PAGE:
kimyunamaoasadaThe women’s figure skating portion of the Winter Olympic Games has always been a personal favorite of mine. This year, a number of extremely talented Asian figure skaters including American Mirai Nagasu, whom I wrote about in a previous blog, South Korea’s “Ice Queen” Kim Yu-Na and Japan’s Mao Asada—have taken both the ice skating rink and world by storm.
Coming into the Vancouver Olympics as the favorite, Kim Yu-Na had the weight of South Korea’s expectations on her shoulders. Amazingly, this pressure did not faze her. Kim’s short program and free skate were both artistically stunning, full of grace and personality, and technically flawless, earning her a record-breaking 150.06 points on her free program for a total of 228.56—winning her the coveted gold medal. Her rival, Japan’s Mao Asada, fought a good fight as she captured silver with 205.50 points. Mao also set a new standard, as she became the first woman ever to land two triple axels in an Olympic program.

However, the real surprise of the competition was Mirai Nagasu’s fourth place finish. Although Mirai flew mostly under the radar due to the star rivalry between Kim and Mao, at just 16 years old in her first Olympics, she did more than hold her own. Aside from downgrading a triple-triple combination to a triple-double, the rest of Mirai’s short program was perfect–it had flawless spins, terrific spiral sequences, and intricate footwork. In fifth place after the short program, Mirai had nothing to lose. She skated a terrific free program, landed triple jumps when they mattered the most, and truly proved herself as a skater to watch in the future. While Kim Yu-Na and Mao Asada’s experience and cultivated artistry predictably pulled them into the lead, Mirai should be extremely proud of her fourth place result.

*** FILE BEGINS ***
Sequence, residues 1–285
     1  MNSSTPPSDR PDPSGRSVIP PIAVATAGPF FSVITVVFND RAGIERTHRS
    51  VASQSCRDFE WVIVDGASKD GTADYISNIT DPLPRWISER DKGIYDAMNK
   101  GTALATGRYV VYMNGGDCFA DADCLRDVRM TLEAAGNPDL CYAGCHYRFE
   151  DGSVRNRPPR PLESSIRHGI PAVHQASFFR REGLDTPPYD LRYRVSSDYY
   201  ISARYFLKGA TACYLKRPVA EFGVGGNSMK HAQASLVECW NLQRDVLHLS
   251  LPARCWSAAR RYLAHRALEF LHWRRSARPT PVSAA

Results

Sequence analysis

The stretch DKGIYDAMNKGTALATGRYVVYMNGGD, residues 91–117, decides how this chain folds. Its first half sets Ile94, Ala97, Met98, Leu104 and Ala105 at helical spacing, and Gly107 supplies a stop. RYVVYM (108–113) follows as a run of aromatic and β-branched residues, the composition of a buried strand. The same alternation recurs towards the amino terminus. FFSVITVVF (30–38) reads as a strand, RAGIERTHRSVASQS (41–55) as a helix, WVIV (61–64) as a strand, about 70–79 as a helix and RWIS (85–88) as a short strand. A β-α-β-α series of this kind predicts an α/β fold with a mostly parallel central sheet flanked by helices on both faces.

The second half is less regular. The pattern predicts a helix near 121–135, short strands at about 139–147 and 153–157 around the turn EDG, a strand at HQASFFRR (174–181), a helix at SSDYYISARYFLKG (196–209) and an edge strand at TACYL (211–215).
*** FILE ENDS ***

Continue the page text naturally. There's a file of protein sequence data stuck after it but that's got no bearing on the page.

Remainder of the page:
This year’s Olympic skating program was thrilling and unforgettable. And one thing is for certain: keep an eye out for Mirai in 2014—she’ll be a contender for the gold.

And if you haven’t already done so, check out the Facebook fan pages for Kim Yu-Na (who already has over 40,000 fans!), Mao Asada and Mirai Nagasu.

Photos: Chang W. Lee/The New York Times; Jerry Lampen/Reuters; AFP/Getty Images; Squire/Getty;; AP Photo/Ivan Sekretarev; Matthew Stockman/Getty Images; Amy Sancetta, Associated Press

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